Help us! Paramilitaries in Colombia Threaten Black and Indigenous Communities to Protect Illegal Mining

October 19, 2014
An appeal for help from the Afro-Colombian Solidarity Network (ACSN):
Hello. We need the media to help us get this information out. These paramilitaries are going to kill us.
Help us please.
We need many people to write letters to the council of state and to the government of Colombia demanding the protection of the communities of La Toma and the north of Cauca.

On the evening of Oct. 16, several Black and Indigenous leaders from throughout northern Cauca received the following death threat from the Rastrojos paramilitary group:

“We reiterate our position that we want a Colombia free of communists and guerrillas. We want a country where people support development. We manifest before the civilian population that we have been carrying out intelligence work since our arrival in southwestern Colombia in order to eliminate the guerrillas and the people that don’t want development and work such as the ACIN, ACONC, indigenous cabildos of Santander, black councils, SUTEC, Polo, Green Party, MIRA, ASI, and community assemblies.

“[…] We will do everything necessary [to stop you], and, no matter who falls, we declare the following people as military objectives: [redacted list of Black and Indigenous leaders from northern Cauca]

“We want a country without people like you. Let us work the mines because they belong to everyone. We are watching to see if you try to take away the machines that don’t belong to you.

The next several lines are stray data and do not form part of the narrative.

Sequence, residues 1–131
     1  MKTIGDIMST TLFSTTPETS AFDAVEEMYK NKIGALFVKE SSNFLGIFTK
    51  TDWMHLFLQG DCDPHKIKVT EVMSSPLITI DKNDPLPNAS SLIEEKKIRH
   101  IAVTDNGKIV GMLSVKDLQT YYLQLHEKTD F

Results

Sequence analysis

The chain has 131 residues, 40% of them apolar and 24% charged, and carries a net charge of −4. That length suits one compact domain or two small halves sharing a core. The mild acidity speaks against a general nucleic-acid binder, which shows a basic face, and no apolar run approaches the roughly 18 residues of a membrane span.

“Wherever you hide, you will fall.”

Over the course of the last several months and years, these communities have officially denounced and protested illegal mining in their territories. Despite several laws that protect the rights of the communities, the government has not taken action.

ACSN has repeatedly expressed its concerns about illegal mining in northern Cauca and provided recommendations for government officials, but they do not do anything to ensure the rights of the communities. Therefore, we have a list of questions:

  • Are government and military officials receiving payments or benefiting from the illegal miners?
  • What is the value of a progressive legal structure protecting the rights of Black and Indigenous communities in Colombia?
  • At what cost will the government push forward an exploitative development plan?
  • When will governments complicit in promoting free trade and extractive industries (i.e. the United States, Canada, European Union, and South Korea) speak up about abuses that result from these policies and practices?
  • Are Black and Indigenous people in expendable for the Colombian government?

The government should take immediate action to confiscate the machinery, investigate the perpetrators, and protect the communities.

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